When Do Babies Sleep Longer

Getting Baby to Sleep More So You Can Too

Your uterus is a cozy, but boring, place. During those 40 long weeks of pregnancy, your growing baby spent much of her time sleeping. That habit is one of the reasons new babies sleep so much. They're also doing a lot of growing as their bodies continue to develop, and sleep supports that growth. But while your baby needs to sleep a lot, she'll do it in short bursts for the first few weeks or months of life. She'll probably sleep for longer periods by the time she's a few months old.

How Much Sleep Does a Baby Need?

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How to Help a 9-Month-Old Sleep All Night

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Just like adults, babies' sleep needs vary from person to person. A newborn may need as little as 11 hours of sleep in a 24-hour period, or as much as 19 hours. Most new babies sleep around 16 hours per day, give or take an hour or two. By the time your infant is around 4 months old, he may need just 14 hours or so. Some infants between 4 and 12 months need as little as 10 hours of sleep or as much as 18 hours. Once he reaches 12 months, expect your baby to sleep somewhere between 10 and 14 hours per day.

Most babies need about the same amount of sleep from day to day. A newborn usually won't follow any predictable sleep schedule, instead sleeping on and off throughout the day and night. It's only at around 3 months or so that you may be able to predict exactly when your baby will be ready to fall asleep and wake up.

If you have an extra-sleepy newborn, you might worry that he's sleeping too much. Some newborns will sleep so heavily that they need to be woken up to feed. If your newborn sleeps for four hours without waking, you may have to rouse him to eat. But once he's established a solid pattern of weight gain and is developing normally, you can probably let him sleep and trust that he'll wake up when he's ready. Talk to your pediatrician if he's sleepy all the time, isn't interested in eating or isn't putting on weight.

When Will My Baby Sleep for Longer Than Three Hours?

Most very young infants will only sleep for periods of two to three hours between feedings because their stomachs are so small that they need to eat often. As your baby grows, she won't need to eat as frequently, and her stamina and strength will build to the point that she can be awake for several hours between naps.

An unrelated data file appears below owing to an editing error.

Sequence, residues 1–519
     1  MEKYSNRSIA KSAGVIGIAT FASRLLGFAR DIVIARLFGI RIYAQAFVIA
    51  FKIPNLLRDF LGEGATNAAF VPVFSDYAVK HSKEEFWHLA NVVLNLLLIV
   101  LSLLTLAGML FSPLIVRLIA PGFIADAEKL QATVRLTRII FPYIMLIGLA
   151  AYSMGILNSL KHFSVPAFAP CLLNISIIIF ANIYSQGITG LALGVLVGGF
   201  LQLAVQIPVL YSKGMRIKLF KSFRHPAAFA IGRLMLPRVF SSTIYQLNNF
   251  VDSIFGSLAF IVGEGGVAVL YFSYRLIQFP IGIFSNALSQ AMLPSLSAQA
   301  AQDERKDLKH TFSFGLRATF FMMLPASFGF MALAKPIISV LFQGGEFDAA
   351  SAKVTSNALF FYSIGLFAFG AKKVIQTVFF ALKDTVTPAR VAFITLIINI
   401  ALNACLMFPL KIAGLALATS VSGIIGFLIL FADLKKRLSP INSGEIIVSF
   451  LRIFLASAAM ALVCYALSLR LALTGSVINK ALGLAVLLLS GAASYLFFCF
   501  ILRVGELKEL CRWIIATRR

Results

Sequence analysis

By the age of 3 months, most babies start sleeping for longer stretches overnight. There's a ton of variation in how long babies sleep at what age, though, and it may even vary from night to night. Your 2-month-old may sleep for six hours straight one night and no more than three hours straight the next night. At 6 months old, your baby may sleep for eight hours, wake to nurse and doze for a few more hours—or she may still wake every three hours like clockwork.

How Can I Get My Baby to Sleep Longer at Night?

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The Sleeping Habits of 3-Month-Olds

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Babies set their own schedules. Even if you give your infant a dark, comfortable sleep environment, feed him before bed and rock him gently to lull him into a state of drowsiness, he may wake up after two hours.

The best way you can encourage your baby to sleep longer at night is to tire him out during the day. When he's awake, keep him in a bright room and stimulate him with tummy time, music and play. As nighttime approaches, dim the lights and speak quietly to signal to him that sleep time is imminent.

If he's not on a regular sleep schedule by 6 months, mention it to the pediatrician. As long as he continues to put on weight and hit milestones, your baby's sleep habits are probably healthy.